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Ward Lab

Mechanisms of Poxvirus Envelope Formation

The Poxviridae family includes some of the largest DNA viruses known. While variola (the causative agent of smallpox) remains the most deadly member of the family, several other members, including monkeypox, tanapox, cowpox, vaccinia, Yaba-like disease virus and molluscum contagiosum, are capable of causing disease in humans. Orthopoxviruses, which include variola, monkeypox and vaccinia, have a double stranded genome of about 200 kb and are predicted to encode for approximately 200 functional open reading frames making them some the most complex animal viruses known. This complexity is best demonstrated during viral morphogenesis that results in a virion that is predicted to incorporate approximately 100 viral polypeptides and several morphologically distinct forms.

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Viral replication occurs entirely in the cytoplasm in discrete areas know as viral factories and results in the first infectious form termed intracellular mature virions (IMV). A subset of IMV receives an extra double membrane wrapping derived from the trans-Golgi or endosomal cisternae and are referred to as intracellular enveloped virions (IEV). After wrapping, IEV are transported via microtubules to the cell periphery where the outer membrane of the IEV fuses with the plasma membrane depositing one of the newly acquired membranes into the plasma membrane and releasing the enveloped virion from the cell. Many enveloped virions remain attached to the plasma membrane and are termed cell-associated-virus (CEV). Viral proteins deposited into the plasma membrane, by the fusion of IEV at the plasma membrane, direct the polymerization of actin on the cytosolic side forming what are called actin tails, which serve to propel CEV away from the cell and towards adjacent cells. CEV released from the plasma membrane are termed extracellular enveloped virus (EEV). IEV, CEV and EEV make up the enveloped form of vaccinia virus and IMV are considered unenveloped. While IMV represents the majority of progeny virions they are not released from the cell making the enveloped form responsible for cell-to-cell spread. Presently only seven viral proteins have been found to be specific to the enveloped form, and of these seven only six have been shown to be required for efficient envelope virus production. The major focus of my laboratory is the study of poxvirus morphogenesis, emphasizing the intracellular envelopment process. We employ molecular virological techniques along with state of the art live video microscopy and cell biology to study viral egress with the goal of understanding the molecular mechanism employed by poxviruses to produce intracellular enveloped virions. Furthermore, our research should provide insight into such cellular processes as protein trafficking, membrane and vesicle formation and intracellular trafficking.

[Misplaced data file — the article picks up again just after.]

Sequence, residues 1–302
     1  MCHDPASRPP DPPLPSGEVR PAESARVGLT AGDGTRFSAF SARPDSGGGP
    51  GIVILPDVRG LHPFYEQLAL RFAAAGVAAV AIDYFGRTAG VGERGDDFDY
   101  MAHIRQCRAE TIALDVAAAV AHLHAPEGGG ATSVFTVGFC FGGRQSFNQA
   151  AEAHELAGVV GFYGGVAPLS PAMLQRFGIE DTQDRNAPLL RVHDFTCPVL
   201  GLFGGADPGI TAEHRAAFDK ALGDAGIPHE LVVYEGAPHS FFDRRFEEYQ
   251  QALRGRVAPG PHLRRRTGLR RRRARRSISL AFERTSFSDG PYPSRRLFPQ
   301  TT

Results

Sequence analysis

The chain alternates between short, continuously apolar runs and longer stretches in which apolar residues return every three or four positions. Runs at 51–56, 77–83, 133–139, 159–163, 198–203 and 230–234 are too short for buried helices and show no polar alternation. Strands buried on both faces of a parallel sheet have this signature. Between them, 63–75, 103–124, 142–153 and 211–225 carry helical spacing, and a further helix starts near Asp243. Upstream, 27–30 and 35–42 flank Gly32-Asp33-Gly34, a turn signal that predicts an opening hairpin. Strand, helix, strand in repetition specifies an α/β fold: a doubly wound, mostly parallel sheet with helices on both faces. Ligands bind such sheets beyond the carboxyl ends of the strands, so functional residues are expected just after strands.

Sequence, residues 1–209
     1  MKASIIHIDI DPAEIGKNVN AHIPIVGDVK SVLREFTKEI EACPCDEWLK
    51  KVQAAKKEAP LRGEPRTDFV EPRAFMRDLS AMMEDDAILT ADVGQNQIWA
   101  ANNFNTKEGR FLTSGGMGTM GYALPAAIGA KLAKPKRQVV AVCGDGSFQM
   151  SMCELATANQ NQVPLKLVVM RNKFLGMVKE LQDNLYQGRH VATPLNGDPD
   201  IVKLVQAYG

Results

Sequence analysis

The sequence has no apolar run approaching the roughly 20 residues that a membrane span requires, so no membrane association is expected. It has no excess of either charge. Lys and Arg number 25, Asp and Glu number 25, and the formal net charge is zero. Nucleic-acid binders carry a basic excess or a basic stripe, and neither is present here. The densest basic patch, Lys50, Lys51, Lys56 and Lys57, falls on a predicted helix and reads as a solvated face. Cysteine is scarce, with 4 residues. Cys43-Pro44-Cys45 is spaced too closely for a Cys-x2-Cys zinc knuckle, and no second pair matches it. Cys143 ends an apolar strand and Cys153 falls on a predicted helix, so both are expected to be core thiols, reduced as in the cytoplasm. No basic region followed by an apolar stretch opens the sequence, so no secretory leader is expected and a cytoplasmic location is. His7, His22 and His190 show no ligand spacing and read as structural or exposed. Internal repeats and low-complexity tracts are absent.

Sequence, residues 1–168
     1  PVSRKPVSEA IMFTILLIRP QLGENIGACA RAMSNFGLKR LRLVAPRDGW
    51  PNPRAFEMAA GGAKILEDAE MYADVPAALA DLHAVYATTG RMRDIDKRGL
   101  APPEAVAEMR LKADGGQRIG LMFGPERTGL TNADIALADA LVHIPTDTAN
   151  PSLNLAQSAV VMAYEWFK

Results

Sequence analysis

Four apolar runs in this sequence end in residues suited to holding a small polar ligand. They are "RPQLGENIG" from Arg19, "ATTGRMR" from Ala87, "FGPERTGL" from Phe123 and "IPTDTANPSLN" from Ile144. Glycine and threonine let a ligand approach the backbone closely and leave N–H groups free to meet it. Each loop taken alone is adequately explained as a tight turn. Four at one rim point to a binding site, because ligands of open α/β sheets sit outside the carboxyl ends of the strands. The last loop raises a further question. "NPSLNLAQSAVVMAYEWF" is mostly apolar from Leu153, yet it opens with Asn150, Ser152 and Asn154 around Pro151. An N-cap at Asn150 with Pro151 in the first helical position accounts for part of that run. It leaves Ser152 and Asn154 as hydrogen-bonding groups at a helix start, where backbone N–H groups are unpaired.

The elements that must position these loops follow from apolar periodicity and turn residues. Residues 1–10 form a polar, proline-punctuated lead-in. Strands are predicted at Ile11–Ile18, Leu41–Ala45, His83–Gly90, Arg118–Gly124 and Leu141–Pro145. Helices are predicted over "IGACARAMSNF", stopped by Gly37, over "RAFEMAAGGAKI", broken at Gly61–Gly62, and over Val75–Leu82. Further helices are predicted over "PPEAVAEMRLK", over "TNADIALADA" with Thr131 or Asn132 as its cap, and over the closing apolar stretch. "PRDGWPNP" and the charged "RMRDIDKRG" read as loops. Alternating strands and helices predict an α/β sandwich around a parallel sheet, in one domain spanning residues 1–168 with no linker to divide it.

Brian M. Ward, Ph.D.

Brian M. Ward, Ph.D.
Principal Investigator


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